Also illuminating and was his harrowing account of the benefit concert he delivered during his solo career in war-torn Sarajevo, which I admit to missing at the time (hey, it was the mid-90s man. There was no internet and metal was not being covered on MTV or any other mainstream outlets). Dickinson took no pay for the concert, which several other major metal bands passed on. He witnessed live fire in the distance and saw bullet pocked cars, buildings reduced to rubble, and orphaned children by the score.

Bruce does not take himself very seriously, and is someone who pursues to plunge deeply into hobbies and master difficult skills and take on business ventures rather than dwell on his mistakes and failures, or engage in maudlin bouts of “why me”? self-pity, even during a rather harrowing bout of throat and neck cancer.

I do agree with some of the criticisms of the book. One is that it’s not comprehensive. Bruce provides insight on the art and skill of fencing, flying, and singing, and the details of how he was diagnosed with and ultimately beat cancer. But other important events (his departure and return to Maiden, his process of writing songs, his deeply held beliefs religious or otherwise, political views, etc.) are all either skimmed over or left out entirely. What Does This Button Do? offers very little in the way of Bruce’s personal life. There is no mention of his wife or children or other relationships, other than a brief note of why he left them out in an afterword. There is very little details of behind the scenes band drama, save for some early clashes with Steve Harris over positioning on the stage and songwriting differences. Some 360-odd pages later there is still much more about Bruce I’d like to know. What Does this Button Do? Is a humorous, fun, and impressive recollection of what Dickinson did for the first 58 or so years of his life, but not a particularly illuminating look under the hood of who he is, and what makes him tick.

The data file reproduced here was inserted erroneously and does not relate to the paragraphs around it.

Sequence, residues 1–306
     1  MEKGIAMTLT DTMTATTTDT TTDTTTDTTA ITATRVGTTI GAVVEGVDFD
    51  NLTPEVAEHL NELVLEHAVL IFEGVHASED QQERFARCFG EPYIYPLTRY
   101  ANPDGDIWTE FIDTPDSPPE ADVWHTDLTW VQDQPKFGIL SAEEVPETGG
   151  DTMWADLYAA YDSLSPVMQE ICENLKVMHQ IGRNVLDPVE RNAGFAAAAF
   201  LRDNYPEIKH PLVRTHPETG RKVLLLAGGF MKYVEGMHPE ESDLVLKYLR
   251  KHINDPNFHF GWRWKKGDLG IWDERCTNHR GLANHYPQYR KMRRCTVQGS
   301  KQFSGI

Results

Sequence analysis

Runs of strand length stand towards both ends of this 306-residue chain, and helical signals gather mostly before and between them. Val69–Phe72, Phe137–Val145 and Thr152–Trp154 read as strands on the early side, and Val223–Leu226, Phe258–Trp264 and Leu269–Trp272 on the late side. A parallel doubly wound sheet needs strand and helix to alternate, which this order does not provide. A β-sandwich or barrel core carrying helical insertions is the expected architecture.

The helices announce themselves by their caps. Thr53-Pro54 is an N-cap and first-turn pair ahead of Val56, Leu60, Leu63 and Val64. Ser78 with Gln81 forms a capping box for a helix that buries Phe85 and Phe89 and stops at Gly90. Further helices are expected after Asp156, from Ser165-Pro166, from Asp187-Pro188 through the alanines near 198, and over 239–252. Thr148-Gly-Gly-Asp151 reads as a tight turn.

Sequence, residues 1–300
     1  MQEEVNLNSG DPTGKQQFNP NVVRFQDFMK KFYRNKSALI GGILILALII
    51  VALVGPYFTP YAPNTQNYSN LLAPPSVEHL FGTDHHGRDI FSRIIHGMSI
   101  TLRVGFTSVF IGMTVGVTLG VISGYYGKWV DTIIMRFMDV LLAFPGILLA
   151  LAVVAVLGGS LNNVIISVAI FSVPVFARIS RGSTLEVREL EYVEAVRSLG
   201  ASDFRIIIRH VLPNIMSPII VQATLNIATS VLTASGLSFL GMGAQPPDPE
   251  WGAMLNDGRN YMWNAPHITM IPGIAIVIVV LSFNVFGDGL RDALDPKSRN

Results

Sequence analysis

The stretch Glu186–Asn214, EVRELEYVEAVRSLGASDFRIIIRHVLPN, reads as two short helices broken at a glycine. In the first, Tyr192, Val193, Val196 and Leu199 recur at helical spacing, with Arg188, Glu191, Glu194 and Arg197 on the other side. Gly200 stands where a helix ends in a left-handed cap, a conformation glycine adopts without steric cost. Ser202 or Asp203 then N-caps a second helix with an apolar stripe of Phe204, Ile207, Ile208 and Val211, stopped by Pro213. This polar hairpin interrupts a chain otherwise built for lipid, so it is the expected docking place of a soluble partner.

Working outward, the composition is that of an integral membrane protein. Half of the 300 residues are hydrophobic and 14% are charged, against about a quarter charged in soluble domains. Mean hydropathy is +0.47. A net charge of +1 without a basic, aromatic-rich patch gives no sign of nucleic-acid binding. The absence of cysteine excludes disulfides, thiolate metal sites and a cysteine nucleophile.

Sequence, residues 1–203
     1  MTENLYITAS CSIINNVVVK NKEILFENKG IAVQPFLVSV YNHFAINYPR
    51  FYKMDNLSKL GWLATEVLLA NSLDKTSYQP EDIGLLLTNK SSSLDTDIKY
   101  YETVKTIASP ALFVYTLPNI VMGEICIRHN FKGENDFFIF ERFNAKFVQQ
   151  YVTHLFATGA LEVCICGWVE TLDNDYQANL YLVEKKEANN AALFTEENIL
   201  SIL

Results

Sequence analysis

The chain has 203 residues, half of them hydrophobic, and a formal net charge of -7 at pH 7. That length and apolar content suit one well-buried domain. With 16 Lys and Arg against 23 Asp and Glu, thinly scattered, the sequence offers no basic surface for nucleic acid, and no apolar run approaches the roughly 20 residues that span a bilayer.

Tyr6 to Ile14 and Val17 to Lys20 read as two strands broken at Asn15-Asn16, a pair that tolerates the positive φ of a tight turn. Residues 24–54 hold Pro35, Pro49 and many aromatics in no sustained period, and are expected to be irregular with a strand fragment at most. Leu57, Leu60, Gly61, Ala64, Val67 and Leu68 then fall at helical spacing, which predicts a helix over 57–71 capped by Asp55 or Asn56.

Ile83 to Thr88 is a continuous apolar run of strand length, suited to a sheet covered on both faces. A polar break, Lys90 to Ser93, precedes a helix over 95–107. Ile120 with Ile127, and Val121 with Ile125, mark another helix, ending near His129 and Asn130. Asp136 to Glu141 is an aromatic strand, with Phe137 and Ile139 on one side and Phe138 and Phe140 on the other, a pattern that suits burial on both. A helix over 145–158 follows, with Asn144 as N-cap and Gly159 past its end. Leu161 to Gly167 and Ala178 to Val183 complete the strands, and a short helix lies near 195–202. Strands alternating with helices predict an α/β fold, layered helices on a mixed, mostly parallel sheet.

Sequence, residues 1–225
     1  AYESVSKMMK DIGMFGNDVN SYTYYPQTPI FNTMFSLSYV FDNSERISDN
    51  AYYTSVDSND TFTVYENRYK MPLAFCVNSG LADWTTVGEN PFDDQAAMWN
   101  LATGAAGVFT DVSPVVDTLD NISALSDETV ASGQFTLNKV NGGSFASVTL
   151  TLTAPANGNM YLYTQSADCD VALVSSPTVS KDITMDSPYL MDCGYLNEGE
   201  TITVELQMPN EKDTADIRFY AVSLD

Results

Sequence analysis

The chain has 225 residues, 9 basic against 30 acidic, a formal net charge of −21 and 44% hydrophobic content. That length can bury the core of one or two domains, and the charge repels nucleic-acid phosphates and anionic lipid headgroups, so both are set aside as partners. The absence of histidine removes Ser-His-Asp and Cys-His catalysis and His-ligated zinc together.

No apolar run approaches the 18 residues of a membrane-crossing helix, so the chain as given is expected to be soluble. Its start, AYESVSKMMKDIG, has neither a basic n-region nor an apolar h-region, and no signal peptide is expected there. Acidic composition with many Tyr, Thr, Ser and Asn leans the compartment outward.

In fairness, however, I believe the absence of these elements is in fact a telling characteristic of Dickinson, who loves living life, and doing things, and acting, rather than reacting and deep reflection. We see enough emotion in his deep respect for the military and of the innocent victims of the siege of Sarajevo to know there is a real heart beating beneath the acerbic wit and Python-esque comedic optimism with which he seems to view the world and himself. Dickinson always looks on the bright side of life.